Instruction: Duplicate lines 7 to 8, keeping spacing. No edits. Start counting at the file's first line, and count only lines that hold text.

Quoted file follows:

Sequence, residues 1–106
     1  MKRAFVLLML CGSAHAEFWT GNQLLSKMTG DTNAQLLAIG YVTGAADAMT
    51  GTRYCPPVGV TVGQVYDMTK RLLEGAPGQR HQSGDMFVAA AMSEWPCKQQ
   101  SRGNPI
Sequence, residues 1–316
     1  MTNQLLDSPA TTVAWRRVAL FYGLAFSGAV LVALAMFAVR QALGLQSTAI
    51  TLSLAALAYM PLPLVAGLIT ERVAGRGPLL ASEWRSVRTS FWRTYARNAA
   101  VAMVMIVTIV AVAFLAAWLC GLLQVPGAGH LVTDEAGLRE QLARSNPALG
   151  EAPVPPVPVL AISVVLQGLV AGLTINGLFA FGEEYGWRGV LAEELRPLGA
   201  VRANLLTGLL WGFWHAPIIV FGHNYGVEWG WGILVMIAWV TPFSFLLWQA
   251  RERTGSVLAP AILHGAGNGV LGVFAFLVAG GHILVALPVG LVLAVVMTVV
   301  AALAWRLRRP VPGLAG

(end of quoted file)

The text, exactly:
    51  TLSLAALAYM PLPLVAGLIT ERVAGRGPLL ASEWRSVRTS FWRTYARNAA
   101  VAMVMIVTIV AVAFLAAWLC GLLQVPGAGH LVTDEAGLRE QLARSNPALG